85. On 22 August 1999, it was reported that the Public Committee against Torture had submitted a petition to the High Court on behalf of Hasin Sheikh, charging that GSS had stopped torturing him after the Committee had petitioned the High Court about their interrogation methods, and then resumed after the Committee had withdrawn the petition. In response to the petition, the State Attorney’s Office and GSS had denied using the methods alleged by Sheikh at any time since his detention on 4 July 1999. In the petition, it was claimed that GSS interrogators had allowed Sheikh to sleep for only three hours between 12 August and 14 August, had pulled his beard, screamed repeatedly into his ear, prevented him from changing his clothing and underwear and threatened him and his family. (Jerusalem Post, 22 August)

86. On 6 September, in a unanimous ruling by nine justices, the High Court of Justice outlawed many of the most common methods of interrogation of GSS. With the ruling, the court overturned the guidelines laid down by a 1987 commission of inquiry headed by then Supreme Court President Moshe Landau, which had authorized GSS to use “moderate physical pressure” if it was necessary to save human life. The methods that the court banned include shaking, the Ashabach (in which an interrogee is forced to sit on a low chair that tilts forward for hours at a time, with his hands tied behind his back, his head covered by a tightly sealed sack and with loud music blasting in his ears), the “frog crouch”, in which the interrogee is forced to crouch on the tips of his fingers and toes for up to five minutes at a time, and sleep deprivation. The judges refrained from defining these methods as “torture”, but ruled that they were illegal infringements of interrogees’ basic rights. The ruling had been written by Supreme Court President Aharon Barak, with eight justices concurring. It had been issued in response to seven petitions by the Public Committee against Torture in Israel, the Association for Civil Rights in Israel, the Centre for the Defence of the Individual and attorney Andre Rosenthal, all filed in the names of Palestinian interrogees. The justices stressed that the ruling had been a difficult one to make, since they were aware of the reality of terrorism and were therefore worried that the decision might interfere with the State’s ability to combat it. But being judges, they wrote, they were obligated to rule according to the law; and under the existing legal situation, neither the Government nor GSS had the power to authorize an interrogator to use any means that did not accord with “a fair and reasonable interrogation”. Such an interrogation, they continued, could not include any “cruel, inhumane or humiliating” measures. If the Government wished to permit GSS to utilize such methods, the justices added, the Knesset would have to enact the relevant legislation. However, any such legislation would have to accord with the Basic Law on Human Dignity and Liberty, which stated that any infringement on human liberty was permitted only with legislation “befitting the values of the State of Israel, enacted for an appropriate purpose, and to an extent no greater than required”. The court rejected the State’s argument that the defence of necessity, which exempted a person from criminal liability if a crime was necessary to save a life, justified the use by GSS of “physical pressure to extract information from interrogees”. The justices said that defence was essentially an “ad hoc” one, which exempted a person from liability for a specific action committed to counter an immediate threat. It therefore could not serve as a source of authority for a routine method of interrogation. (Ha’aretz, Jerusalem Post, 7 September)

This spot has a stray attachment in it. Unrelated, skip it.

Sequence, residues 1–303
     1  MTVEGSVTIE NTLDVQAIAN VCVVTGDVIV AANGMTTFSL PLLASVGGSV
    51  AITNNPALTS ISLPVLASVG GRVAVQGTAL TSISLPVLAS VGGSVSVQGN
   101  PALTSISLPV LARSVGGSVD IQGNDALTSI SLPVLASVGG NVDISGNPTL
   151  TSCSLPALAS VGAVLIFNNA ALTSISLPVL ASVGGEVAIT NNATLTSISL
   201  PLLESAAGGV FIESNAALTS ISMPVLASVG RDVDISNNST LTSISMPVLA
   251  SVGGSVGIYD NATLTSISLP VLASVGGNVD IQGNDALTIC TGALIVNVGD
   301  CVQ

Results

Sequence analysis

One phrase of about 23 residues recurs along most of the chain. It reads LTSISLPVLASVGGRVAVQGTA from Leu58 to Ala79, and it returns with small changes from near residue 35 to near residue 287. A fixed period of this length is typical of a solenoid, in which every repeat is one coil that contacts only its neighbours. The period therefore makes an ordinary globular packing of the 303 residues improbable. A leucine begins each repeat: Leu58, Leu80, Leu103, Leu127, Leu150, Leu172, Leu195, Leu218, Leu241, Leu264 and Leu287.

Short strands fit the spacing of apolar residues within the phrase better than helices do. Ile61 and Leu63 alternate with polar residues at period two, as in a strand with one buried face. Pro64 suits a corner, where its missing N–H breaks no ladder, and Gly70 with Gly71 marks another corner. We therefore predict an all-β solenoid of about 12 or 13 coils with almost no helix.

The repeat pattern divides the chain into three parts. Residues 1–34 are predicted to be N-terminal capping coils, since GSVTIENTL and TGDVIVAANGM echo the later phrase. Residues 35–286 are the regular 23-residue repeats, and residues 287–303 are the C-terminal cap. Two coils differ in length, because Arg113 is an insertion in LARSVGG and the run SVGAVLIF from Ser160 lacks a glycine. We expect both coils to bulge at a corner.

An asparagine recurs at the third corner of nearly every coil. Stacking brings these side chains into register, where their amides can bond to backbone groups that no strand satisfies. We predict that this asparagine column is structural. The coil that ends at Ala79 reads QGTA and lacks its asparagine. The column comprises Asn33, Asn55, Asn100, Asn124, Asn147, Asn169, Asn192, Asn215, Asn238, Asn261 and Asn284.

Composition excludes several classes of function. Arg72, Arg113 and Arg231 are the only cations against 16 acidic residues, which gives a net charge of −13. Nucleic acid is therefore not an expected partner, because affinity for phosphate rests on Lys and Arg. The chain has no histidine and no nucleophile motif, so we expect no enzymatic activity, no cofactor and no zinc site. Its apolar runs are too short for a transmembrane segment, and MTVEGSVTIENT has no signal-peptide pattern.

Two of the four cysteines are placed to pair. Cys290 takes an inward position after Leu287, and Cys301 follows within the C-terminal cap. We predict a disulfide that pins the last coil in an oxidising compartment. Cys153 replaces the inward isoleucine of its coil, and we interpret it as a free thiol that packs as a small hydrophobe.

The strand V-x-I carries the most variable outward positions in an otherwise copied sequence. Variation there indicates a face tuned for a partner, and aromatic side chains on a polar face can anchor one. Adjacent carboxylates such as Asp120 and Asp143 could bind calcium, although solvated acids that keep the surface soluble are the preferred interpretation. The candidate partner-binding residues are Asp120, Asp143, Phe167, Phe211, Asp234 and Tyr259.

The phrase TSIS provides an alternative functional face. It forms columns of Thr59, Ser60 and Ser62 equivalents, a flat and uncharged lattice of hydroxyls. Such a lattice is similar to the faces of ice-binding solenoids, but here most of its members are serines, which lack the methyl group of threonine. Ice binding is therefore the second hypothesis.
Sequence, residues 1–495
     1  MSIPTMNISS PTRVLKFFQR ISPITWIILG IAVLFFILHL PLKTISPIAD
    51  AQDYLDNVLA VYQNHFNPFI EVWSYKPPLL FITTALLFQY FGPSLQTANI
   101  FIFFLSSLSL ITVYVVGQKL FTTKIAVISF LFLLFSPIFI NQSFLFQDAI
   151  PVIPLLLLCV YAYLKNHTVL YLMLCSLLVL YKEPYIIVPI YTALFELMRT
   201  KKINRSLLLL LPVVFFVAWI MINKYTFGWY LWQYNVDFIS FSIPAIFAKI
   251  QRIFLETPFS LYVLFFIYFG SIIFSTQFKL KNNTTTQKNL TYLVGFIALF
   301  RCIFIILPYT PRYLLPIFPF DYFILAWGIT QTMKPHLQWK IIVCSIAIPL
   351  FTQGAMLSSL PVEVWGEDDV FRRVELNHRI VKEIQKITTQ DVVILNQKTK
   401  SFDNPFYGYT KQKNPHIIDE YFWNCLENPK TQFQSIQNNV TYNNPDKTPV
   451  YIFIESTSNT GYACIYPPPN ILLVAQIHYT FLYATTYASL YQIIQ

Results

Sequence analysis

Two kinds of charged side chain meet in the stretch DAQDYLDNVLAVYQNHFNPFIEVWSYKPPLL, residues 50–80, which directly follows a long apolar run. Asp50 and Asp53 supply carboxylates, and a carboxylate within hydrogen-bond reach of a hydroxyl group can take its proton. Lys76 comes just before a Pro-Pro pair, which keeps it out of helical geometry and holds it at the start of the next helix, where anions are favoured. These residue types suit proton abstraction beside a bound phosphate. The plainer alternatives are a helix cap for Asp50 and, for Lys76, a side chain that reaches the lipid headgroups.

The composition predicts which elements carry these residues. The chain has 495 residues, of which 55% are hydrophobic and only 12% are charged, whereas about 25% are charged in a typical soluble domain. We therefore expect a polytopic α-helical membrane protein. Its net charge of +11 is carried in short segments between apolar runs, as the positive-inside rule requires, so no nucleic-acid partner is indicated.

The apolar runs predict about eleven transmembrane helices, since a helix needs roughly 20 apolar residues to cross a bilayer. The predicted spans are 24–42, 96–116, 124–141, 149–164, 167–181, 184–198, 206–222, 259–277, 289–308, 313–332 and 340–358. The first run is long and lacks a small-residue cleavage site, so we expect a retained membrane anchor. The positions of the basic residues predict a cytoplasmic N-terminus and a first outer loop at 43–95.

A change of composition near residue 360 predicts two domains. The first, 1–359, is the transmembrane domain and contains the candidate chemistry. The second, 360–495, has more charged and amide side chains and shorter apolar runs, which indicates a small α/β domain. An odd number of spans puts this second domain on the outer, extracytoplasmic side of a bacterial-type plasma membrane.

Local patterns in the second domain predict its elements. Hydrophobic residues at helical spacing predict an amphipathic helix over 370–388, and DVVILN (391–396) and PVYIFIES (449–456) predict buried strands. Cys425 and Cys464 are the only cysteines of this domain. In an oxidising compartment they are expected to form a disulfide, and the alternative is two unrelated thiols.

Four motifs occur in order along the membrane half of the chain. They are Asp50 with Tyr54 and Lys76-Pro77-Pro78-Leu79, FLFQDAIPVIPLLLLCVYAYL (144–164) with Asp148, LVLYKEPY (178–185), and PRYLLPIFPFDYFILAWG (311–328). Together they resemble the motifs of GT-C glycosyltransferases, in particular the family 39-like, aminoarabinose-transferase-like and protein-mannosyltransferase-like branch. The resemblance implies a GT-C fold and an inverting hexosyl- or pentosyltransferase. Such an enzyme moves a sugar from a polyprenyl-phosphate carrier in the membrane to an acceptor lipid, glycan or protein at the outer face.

87. On 14 September, it was reported that two GSS employees claimed that they had been made to take the blame for the death during interrogation of a Palestinian man when in fact more senior GSS staff had been responsible. The two petitioned the State to be allowed to review all materials about their case held by GSS and the Attorney General’s office. The two were involved, among others, in the interrogation of a Palestinian internee, Khaled Sheikh, who had died on 19 December 1989 as a result of torture. In their petition, they claimed “the interrogation, like other interrogations at the facility at that time, was conducted at a level of violence exceeding GSS standards”. In addition to the petitioners, three other interrogators took part in the violent stage, including one with administrative ranks and two experienced senior interrogators. (Ha’aretz, 14 September)